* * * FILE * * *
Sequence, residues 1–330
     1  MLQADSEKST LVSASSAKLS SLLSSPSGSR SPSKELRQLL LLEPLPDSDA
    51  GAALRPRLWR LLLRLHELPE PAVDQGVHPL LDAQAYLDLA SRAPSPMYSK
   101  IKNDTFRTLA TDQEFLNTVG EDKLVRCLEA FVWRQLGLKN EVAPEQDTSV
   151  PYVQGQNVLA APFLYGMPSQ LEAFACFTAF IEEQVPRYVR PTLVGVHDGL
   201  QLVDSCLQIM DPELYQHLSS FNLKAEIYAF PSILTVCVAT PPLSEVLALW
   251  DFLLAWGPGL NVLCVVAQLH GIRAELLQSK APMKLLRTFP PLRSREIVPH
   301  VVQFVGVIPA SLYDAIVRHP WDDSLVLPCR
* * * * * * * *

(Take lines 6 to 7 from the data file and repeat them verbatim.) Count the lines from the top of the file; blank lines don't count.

   201  QLVDSCLQIM DPELYQHLSS FNLKAEIYAF PSILTVCVAT PPLSEVLALW
   251  DFLLAWGPGL NVLCVVAQLH GIRAELLQSK APMKLLRTFP PLRSREIVPH